Reading through the Bible together

Sunday, January 20, 2013

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This chapter is linked to 11 with David’s sins.  It is the intent of the Holy Spirit in this part of the Word of God to tell us about the prophet Nathan confronting David about his sins. The scribe in the palace of David jotted down every single word of Nathan and every single word of David. The Lord was not happy with David’s deeds and sent Nathan the prophet to talk to him. He was to “hang out the washings” for David, and it was not going to be clean.

 

In a compassionate story of a rich and poor man, the rich man has lots of sheep but the poor man has only a pet sheep.  David was angered about this arrogant, evil rich man killing and eating the pet sheep of the poor man.  This was unacceptable to David who knew all about the value of sheep. As judge, David gave his sentence that the rich man should die or pay four times as restitution. In doing so, David was judging himself and pronounced the verdict over himself. Nathan’s words, “You are the man” rings in the guilty conscience of David.

 

Now the Lord is the Judge and David the accused. Roles changed fast. Many good things the Lord did for David, his appointment as king, his deliverance from enemy and enemies, his other gifts from the Lord. But for this evil deed with Bathsheba punishment was to follow. The sickness and death of the child from David’s sin, was just the beginning of a long line of tragic events. David fasted for seven days and when the child died he finally consented to eat. David’s life normalized and a year later Solomon was born.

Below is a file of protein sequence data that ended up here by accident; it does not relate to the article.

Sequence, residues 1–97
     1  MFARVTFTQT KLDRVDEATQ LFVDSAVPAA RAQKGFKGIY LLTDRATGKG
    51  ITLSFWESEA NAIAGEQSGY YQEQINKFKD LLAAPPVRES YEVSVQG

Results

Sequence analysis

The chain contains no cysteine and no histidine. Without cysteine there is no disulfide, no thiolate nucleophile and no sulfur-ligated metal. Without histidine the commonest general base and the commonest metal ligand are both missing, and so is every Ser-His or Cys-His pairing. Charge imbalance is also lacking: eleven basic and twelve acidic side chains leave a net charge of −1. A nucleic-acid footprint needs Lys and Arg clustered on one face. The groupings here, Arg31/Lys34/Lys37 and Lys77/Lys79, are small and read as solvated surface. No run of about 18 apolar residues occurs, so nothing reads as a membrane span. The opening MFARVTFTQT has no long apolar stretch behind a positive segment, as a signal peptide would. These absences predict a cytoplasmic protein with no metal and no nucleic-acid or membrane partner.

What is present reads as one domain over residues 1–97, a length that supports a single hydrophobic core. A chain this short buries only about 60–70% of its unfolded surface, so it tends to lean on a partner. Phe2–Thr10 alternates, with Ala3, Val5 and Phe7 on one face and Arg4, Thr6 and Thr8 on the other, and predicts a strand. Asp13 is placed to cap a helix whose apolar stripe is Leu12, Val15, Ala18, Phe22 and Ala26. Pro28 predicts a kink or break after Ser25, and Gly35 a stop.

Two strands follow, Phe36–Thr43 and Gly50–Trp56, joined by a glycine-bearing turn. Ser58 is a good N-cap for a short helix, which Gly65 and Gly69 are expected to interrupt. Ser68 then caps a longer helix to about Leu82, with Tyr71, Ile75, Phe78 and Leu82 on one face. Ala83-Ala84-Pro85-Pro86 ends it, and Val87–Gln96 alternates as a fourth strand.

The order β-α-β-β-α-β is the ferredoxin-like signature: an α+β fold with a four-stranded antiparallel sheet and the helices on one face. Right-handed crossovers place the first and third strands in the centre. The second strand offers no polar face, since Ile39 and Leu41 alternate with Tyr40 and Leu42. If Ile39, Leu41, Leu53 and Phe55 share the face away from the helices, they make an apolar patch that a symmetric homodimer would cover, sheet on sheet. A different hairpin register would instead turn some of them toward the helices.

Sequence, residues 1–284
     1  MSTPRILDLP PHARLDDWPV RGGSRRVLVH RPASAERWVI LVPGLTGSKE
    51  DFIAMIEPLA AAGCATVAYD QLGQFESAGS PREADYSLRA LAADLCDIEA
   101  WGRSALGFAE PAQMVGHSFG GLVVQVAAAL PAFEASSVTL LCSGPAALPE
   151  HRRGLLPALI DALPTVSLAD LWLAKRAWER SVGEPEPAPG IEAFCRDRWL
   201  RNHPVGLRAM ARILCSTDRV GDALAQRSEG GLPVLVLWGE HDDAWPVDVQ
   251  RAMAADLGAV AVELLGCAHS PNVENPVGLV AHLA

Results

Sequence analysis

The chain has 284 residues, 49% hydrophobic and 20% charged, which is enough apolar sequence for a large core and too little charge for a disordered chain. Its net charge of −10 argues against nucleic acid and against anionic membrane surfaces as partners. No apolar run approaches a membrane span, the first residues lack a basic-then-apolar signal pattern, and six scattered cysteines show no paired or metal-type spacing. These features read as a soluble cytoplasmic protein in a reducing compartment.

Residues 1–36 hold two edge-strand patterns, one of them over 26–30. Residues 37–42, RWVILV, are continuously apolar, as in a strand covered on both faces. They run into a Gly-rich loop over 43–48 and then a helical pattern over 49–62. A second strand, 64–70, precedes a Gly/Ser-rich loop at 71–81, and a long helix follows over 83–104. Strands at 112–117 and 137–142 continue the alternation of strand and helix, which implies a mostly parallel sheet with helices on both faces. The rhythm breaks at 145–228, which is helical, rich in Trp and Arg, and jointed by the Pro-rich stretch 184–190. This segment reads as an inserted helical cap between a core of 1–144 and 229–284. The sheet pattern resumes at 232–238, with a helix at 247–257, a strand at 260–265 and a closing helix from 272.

The scribe is not done with this part of David’s story.  He wanted us to know how David suffered and how his sin caused his conscience to become out of balance for all fingers of blame pointed to him.  David wished to overshadow this blame by creating a picture of himself as a victorious general conquering city after city in Ammon. Joab had already conquered the city, but David could not resist the opportunity to have his name attached to the victory. This is nothing else but Fame-theft. This propped-up fame was accompanied with severe acts of persecution and brutality (verse 31). David did this to many cities in Ammon and then returned to Jerusalem. When we read this, we are left with a sick view of the King of Israel. We cannot miss the overreacting aspects of his mental judgments as a result of sin.

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Dear God

Help us not to overreact in our lives, not just because of our sinful condition as children of Adam, but also at times, because of our own private sins. David and his sin demonstrates for us how much we need Your grace, Your guidance and Your Spirit. Keep us in the hollow of Your Hands. Amen.


Koot van Wyk
Kyungpook National University
Sangju, South Korea